Field visits on DRR sponsored by Switzerland

The Government of Switzerland is planning to organize a series of field visits that will offer participants a first hand look at Disaster Risk Reduction practices in Switzerland. Field visits will offer Global Platform participants the opportunity to increase their knowledge in Disaster Risk Reduction. Visits will be organized around the following topics: Climate Services, Mountain Hazards, Flood Management, Tsunami, or Earthquake Protection.

Logistical considerations

When: Saturday 18th May
Duration: The whole day, starting approximately 8 am with the latest return being around 6 pm back in Geneva.
Accessibility: Field visits accessible by wheel chair will be Field Visit 1 (Climate services), Field Visit 3 (Flood management), and Field Visit 5 (Earthquake protection).
Language: English (spoken and by audio headset). No sign language or language translation will be available.
Clothing: The visits will be partly outdoors.  Appropriate clothing taking into account the possibility of rain is recommended.
Participation fee: 50 CHF to be paid in cash at the Field Visit desk at the Global Platform. Catering and transportation will be free of charge.
Available slots: 100 participants for each field visit
Contact: Please first sign up for a field visit. Any further follow up can be directed to: gpdrr@eda.admin.ch
 
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Sign up

Only confirmed delegates can sign up for a field visit. Please first register for the Global Platform if you haven't already done so. If you have registered but your application is still being processed, please follow up with the Global Platform team.

Sign up closes 30th Mar 2019. A final confirmation will be sent to the registering participants in due course.

 

Field visit 1: Climate services


From data acquisition to end users

How does early warning of climate and weather risk work in Switzerland? MeteoSwiss invites the participants to learn more about their weather and climate services at its operation centre in Payerne. The presentations will include radar applications, wind profilers in case of a nuclear accident, and other climate services. A wide range of stakeholders and institutions use these services for instance for flood, landslide or avalanche risk assessments.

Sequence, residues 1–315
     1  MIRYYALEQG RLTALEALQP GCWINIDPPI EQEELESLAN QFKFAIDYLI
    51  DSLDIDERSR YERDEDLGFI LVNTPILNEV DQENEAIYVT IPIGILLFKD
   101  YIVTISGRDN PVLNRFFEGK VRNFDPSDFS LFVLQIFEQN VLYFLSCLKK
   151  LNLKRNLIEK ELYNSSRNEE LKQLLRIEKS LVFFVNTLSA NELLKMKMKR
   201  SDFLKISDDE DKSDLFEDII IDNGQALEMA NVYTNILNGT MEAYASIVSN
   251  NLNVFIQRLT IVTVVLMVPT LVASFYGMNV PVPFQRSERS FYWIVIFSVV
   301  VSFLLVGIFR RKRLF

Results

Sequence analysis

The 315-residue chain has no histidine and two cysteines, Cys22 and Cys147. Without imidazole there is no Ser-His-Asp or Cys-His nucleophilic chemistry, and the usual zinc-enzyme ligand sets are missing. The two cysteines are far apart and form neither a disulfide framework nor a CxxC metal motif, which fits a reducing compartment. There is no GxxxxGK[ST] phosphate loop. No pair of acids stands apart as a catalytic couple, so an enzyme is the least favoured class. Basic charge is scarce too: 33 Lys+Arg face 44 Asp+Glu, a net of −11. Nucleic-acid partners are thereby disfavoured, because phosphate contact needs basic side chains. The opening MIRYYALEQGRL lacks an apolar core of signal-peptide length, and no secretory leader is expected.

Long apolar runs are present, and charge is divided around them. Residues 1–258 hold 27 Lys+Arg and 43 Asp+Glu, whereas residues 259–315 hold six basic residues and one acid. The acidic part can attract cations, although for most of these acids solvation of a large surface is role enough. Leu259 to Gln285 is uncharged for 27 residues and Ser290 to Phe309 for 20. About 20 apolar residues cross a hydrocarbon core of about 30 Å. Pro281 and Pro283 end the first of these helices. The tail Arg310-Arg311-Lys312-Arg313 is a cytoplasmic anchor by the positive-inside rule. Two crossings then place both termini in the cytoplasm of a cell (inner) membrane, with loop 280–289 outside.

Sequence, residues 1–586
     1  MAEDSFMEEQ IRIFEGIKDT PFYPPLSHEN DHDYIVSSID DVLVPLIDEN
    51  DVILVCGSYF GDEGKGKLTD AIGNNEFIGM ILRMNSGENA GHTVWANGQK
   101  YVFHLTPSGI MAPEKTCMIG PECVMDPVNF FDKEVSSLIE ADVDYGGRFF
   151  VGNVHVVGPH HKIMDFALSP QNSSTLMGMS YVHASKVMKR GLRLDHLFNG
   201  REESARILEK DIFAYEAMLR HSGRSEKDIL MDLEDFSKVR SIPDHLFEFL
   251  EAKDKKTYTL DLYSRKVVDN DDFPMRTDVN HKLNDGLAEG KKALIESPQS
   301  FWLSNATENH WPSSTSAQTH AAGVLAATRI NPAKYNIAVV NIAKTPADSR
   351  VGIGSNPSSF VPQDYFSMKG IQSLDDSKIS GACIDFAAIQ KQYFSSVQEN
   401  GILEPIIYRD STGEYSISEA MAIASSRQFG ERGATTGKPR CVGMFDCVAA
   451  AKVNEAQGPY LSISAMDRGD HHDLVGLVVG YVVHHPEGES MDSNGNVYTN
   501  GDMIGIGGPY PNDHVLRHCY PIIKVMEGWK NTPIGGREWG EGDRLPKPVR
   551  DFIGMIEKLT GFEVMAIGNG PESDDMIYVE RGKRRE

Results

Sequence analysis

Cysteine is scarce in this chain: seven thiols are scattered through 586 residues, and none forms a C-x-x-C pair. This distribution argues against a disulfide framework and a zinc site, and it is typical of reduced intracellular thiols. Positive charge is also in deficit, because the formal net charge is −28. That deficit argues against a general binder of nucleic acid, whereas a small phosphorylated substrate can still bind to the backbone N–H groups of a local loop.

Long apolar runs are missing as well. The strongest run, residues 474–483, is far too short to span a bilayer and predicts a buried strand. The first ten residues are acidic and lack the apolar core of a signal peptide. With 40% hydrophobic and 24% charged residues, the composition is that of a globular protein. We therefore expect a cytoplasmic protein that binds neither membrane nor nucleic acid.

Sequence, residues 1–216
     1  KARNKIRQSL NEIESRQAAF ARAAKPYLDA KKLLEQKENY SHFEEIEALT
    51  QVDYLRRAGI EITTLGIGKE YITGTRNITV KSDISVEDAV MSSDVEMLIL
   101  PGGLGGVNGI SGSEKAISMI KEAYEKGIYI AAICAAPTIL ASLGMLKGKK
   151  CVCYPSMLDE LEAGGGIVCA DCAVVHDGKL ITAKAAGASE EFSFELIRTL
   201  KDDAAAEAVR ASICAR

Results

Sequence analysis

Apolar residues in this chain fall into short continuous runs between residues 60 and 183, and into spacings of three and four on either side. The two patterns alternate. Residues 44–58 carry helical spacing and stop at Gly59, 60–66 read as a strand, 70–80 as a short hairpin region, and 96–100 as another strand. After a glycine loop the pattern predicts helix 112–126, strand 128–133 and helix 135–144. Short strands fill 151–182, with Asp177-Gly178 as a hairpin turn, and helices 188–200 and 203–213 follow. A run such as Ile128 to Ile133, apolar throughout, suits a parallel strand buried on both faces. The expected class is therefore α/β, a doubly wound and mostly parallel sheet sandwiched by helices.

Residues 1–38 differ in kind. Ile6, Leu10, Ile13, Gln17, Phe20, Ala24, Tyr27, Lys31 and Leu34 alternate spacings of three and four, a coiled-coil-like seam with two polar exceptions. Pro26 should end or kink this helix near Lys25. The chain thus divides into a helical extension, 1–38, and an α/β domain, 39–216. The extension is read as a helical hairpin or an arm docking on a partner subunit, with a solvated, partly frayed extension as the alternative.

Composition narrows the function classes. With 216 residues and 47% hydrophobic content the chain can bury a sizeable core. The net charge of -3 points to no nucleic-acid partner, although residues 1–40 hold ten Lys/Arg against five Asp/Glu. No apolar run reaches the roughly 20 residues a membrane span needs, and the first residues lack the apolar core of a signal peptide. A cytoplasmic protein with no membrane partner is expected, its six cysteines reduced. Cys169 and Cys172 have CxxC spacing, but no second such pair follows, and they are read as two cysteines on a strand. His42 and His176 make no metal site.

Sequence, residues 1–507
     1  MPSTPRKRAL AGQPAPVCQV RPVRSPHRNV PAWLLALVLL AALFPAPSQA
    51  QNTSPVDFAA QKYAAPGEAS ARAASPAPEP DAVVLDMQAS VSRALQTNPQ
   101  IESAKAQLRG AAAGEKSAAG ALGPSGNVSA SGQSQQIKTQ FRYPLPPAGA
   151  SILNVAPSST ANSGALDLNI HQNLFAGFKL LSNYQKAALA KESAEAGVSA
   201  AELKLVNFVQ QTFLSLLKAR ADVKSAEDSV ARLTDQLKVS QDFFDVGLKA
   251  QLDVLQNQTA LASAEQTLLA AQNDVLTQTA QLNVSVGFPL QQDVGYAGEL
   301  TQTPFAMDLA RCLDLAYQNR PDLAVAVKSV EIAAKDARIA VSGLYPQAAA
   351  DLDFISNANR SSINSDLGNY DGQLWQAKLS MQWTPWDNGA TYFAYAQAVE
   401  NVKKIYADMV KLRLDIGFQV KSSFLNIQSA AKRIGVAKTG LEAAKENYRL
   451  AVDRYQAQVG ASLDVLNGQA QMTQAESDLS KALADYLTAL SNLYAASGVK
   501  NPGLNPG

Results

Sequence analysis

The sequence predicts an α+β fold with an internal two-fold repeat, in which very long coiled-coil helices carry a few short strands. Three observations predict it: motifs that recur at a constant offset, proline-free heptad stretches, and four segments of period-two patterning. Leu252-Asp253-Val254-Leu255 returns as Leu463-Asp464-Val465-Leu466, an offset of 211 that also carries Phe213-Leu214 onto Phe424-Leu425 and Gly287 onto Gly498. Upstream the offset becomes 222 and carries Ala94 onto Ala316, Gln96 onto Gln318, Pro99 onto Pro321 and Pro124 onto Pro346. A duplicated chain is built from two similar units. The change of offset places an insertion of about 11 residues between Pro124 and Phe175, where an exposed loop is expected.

Field visit 2: Mountain hazards

Mountain hazards involve often a complex chain of events: The glacier lake outburst flood that triggered mud flow in Giétro 1818 is one historical example. Today, with climate change, such kind of events will become more frequent. The linkages between these phenomena will be presented in the house where the famous glaciologist J.P. Perraudin used to live. The fieldtrip will then look at prevention measures that were taken in Lourtier after the catastrophic avalanche in 1999.


Risk management in a varying environment

 

Field visit 3: Flood management


From diagnosis to mitigation via modelling

The river Rhone that springs in the Alps and leaves Switzerland on the border to France has undergone three riverbed corrections. This field visit will illustrate the stepwise assessments that guided the land-use planning, the decisions for the necessary structural measures. The participants will visit a physical model (1:50) of the riverbed used to understand the underlying physical processes, followed by an inspection of the real sites of the river Rhone.

 

Field visit 4: Tsunami in Lake Geneva

Very rare event are always difficult to manage. Historical texts from the 6th century describe a disastrous wave that flooded the surrounding cities of lake of Geneva after a mountain flank collapse. Nobody knows exactly how much of the catastrophic records were real, but recent scientific studies on the lakebed prove that a tsunami event must have taken place. Moreover, scientists detected three older tsunami events - also in other Swiss alpine lakes. How should we deal with this information in the 21st century in an already largely built environment?


A real threat?

 

Field visit 5: Earthquake protection


From awareness to risk management

Earthquakes are widely known disasters. However, in a region with only moderate earthquake risk such as the Canton of Wallis it is not obvious how to deal with such a hazard. A mixed approach with building codes, awareness building (including a schoolroom earthquake simulator), preparedness training, and retrofitting of critical infrastructure is focused on here. The participant will visit the training centre as well as see how the hospital and the police building were retrofitted to reduce risk.

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